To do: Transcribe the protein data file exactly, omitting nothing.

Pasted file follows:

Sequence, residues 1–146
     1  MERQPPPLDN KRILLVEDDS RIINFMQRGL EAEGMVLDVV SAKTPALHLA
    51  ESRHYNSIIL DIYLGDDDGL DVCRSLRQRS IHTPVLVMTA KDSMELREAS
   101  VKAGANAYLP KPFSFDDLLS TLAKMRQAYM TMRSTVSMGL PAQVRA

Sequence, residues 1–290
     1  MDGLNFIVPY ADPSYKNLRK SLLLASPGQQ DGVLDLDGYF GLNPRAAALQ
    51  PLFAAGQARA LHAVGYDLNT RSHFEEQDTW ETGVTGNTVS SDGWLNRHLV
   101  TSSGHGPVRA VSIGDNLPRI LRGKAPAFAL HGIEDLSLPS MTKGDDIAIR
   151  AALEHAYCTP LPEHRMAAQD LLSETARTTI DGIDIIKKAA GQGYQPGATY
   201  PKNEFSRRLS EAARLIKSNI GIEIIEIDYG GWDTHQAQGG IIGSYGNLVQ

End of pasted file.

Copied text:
Sequence, residues 1–146
     1  MERQPPPLDN KRILLVEDDS RIINFMQRGL EAEGMVLDVV SAKTPALHLA
    51  ESRHYNSIIL DIYLGDDDGL DVCRSLRQRS IHTPVLVMTA KDSMELREAS
   101  VKAGANAYLP KPFSFDDLLS TLAKMRQAYM TMRSTVSMGL PAQVRA

Sequence, residues 1–290
     1  MDGLNFIVPY ADPSYKNLRK SLLLASPGQQ DGVLDLDGYF GLNPRAAALQ
    51  PLFAAGQARA LHAVGYDLNT RSHFEEQDTW ETGVTGNTVS SDGWLNRHLV
   101  TSSGHGPVRA VSIGDNLPRI LRGKAPAFAL HGIEDLSLPS MTKGDDIAIR
   151  AALEHAYCTP LPEHRMAAQD LLSETARTTI DGIDIIKKAA GQGYQPGATY
   201  PKNEFSRRLS EAARLIKSNI GIEIIEIDYG GWDTHQAQGG IIGSYGNLVQ